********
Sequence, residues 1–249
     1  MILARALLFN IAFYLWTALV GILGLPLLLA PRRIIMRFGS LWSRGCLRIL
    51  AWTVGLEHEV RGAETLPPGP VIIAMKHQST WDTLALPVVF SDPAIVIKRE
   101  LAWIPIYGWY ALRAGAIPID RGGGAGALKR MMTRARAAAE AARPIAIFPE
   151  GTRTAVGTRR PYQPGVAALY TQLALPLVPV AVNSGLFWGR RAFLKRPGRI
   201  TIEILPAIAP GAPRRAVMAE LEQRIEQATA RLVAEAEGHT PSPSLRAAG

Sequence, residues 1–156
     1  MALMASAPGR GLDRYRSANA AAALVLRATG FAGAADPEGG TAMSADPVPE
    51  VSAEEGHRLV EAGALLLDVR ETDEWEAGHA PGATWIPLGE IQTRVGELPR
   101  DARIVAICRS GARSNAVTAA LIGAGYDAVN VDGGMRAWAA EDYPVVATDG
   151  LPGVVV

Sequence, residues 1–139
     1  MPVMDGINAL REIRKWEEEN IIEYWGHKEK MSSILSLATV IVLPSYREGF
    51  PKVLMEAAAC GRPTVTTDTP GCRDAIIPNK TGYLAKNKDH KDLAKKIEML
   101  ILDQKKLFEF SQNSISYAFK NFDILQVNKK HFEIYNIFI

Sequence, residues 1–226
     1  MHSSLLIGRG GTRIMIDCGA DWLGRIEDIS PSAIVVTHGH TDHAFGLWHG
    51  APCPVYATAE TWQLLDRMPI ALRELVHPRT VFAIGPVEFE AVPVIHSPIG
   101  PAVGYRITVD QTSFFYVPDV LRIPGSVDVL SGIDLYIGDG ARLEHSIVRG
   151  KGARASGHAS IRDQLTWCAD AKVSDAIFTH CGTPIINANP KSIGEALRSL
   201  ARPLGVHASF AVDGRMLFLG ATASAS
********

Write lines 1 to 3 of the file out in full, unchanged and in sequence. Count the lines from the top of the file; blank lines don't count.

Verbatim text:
Sequence, residues 1–249
     1  MILARALLFN IAFYLWTALV GILGLPLLLA PRRIIMRFGS LWSRGCLRIL
    51  AWTVGLEHEV RGAETLPPGP VIIAMKHQST WDTLALPVVF SDPAIVIKRE